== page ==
Sunday, October 16, 2011

The perfect Brie de Meaux


Brie has become so devalued as a cheese you forget what it's like when it's perfectly matured. Too often it's too cold and slightly chalky in the centre or allowed to age to the point where it's oozing over the cheeseboard and the rind has acquired a bitter, slightly ammoniac smell.

But this is how it should be, as served at a Parisian bistro called Le Baratin I've just reviewed on my natural wine blog. Beautifully rich and buttery with a delicate mushroom flavour, evenly matured right the way through, it was just a joy to eat and shows the benefit - as if it needed pointing out - of buying cheese from a supplier or shop where they know how to treat it.

7 comments:

Steve Lamond said...

I enjoy it oozy but certainly not chalky!

Dom at Belleau Kitchen said...

Heavenly. I love it with honey!

The Beach Hut Cook said...

Absolutely, I agree. I love it when a cheesemonger tells you how he/she would eat it and what with. thebeachhutcook.com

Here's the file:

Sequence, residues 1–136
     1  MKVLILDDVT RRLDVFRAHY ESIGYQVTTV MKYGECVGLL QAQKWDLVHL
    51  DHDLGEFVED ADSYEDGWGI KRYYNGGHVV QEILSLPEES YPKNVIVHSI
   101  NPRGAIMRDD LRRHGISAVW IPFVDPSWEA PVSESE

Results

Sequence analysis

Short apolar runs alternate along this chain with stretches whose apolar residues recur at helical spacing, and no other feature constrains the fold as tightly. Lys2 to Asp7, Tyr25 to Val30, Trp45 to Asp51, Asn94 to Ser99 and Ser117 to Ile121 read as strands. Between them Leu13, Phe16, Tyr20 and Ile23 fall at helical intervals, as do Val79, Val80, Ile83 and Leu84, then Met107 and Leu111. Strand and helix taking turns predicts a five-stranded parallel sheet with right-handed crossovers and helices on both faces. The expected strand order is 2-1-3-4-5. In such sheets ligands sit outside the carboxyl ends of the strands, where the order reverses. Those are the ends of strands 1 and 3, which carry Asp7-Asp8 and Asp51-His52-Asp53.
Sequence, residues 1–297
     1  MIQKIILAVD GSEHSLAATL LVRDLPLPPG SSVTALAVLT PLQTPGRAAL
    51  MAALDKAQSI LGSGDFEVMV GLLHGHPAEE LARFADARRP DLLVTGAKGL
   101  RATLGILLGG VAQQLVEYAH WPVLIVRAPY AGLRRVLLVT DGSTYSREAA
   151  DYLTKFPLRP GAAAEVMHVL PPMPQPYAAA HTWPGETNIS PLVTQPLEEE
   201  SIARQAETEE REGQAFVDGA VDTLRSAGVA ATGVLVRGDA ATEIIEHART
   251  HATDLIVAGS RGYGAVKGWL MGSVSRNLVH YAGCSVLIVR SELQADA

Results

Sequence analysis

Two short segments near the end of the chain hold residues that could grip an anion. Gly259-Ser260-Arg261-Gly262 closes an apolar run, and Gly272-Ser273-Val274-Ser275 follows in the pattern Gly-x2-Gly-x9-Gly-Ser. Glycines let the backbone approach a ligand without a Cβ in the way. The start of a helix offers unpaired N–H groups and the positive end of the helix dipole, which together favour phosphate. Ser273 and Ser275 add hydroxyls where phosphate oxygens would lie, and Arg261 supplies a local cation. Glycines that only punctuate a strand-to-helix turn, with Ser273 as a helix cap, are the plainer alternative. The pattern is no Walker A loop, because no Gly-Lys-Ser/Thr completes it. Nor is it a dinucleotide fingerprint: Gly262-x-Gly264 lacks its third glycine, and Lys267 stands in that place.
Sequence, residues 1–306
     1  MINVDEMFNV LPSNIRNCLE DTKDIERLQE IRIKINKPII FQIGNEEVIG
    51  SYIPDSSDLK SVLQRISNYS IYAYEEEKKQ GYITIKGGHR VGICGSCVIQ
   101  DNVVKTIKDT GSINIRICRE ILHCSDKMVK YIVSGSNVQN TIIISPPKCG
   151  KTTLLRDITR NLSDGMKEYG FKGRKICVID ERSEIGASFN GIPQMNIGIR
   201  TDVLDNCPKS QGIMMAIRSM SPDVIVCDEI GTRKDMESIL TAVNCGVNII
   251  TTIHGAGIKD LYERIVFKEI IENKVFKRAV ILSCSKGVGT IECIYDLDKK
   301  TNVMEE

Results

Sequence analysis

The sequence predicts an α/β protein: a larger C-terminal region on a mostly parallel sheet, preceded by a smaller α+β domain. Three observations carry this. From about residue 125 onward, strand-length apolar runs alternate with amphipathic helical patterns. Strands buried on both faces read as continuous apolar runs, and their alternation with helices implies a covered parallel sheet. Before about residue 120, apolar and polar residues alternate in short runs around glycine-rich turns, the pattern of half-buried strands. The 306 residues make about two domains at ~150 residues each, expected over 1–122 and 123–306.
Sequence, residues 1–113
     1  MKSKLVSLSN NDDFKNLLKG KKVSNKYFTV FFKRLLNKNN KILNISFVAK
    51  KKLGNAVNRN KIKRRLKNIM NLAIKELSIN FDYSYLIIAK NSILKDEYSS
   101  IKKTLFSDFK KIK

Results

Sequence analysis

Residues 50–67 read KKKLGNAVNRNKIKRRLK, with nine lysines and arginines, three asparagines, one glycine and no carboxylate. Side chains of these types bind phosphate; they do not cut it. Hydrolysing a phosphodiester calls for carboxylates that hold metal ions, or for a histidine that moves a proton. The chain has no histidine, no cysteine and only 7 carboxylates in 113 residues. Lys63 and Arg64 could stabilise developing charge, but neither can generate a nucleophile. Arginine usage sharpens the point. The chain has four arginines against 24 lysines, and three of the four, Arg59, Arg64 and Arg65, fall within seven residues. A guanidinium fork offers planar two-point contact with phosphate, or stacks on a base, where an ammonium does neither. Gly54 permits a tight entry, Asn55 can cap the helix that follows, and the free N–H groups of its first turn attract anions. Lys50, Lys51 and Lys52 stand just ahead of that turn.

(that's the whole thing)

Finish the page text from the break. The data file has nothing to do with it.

Kavey said...

Eric at La Cave a Fromage did two most fantastic bries for my enormous birthday cheese board (along with blues, comte and goats) and the brie was just so very very good. So rich and deep in flavour and texture, it had many, many, many comments throughout the day.
Including how different it was to the insipid cheap brie sold in supermarkets...

Fiona Beckett said...

Funnily enough it's the french who are the worst culprits I think, Kavey. The French dairy industry is dominated by industrial giants. I think you can generally get a better brie in an English supermarket than a French one

Benji - The Margaret River Guide said...

you get what you pay for. And Yes sometimes it is the strangest places that have the best produce, although hard to believe that the English supermarket has better brie than The French.

Aissa Galoso said...

Not much tops the joys of a perfect brie de meaux. It isn't called the king of all cheese for nothing.